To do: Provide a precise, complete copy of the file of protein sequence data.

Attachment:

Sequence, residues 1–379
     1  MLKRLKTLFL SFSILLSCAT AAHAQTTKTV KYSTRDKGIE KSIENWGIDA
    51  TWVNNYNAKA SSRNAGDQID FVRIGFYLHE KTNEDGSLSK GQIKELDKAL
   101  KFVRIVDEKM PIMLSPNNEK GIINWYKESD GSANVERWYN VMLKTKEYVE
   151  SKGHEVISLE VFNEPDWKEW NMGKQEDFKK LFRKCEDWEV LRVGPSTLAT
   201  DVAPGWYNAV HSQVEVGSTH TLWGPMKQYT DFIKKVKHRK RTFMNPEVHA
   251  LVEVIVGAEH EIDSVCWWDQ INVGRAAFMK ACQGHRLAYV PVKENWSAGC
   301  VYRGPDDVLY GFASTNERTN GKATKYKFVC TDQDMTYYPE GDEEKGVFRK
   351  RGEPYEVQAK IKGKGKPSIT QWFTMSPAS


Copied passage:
Sequence, residues 1–379
     1  MLKRLKTLFL SFSILLSCAT AAHAQTTKTV KYSTRDKGIE KSIENWGIDA
    51  TWVNNYNAKA SSRNAGDQID FVRIGFYLHE KTNEDGSLSK GQIKELDKAL
   101  KFVRIVDEKM PIMLSPNNEK GIINWYKESD GSANVERWYN VMLKTKEYVE
   151  SKGHEVISLE VFNEPDWKEW NMGKQEDFKK LFRKCEDWEV LRVGPSTLAT
   201  DVAPGWYNAV HSQVEVGSTH TLWGPMKQYT DFIKKVKHRK RTFMNPEVHA
   251  LVEVIVGAEH EIDSVCWWDQ INVGRAAFMK ACQGHRLAYV PVKENWSAGC
   301  VYRGPDDVLY GFASTNERTN GKATKYKFVC TDQDMTYYPE GDEEKGVFRK
   351  RGEPYEVQAK IKGKGKPSIT QWFTMSPAS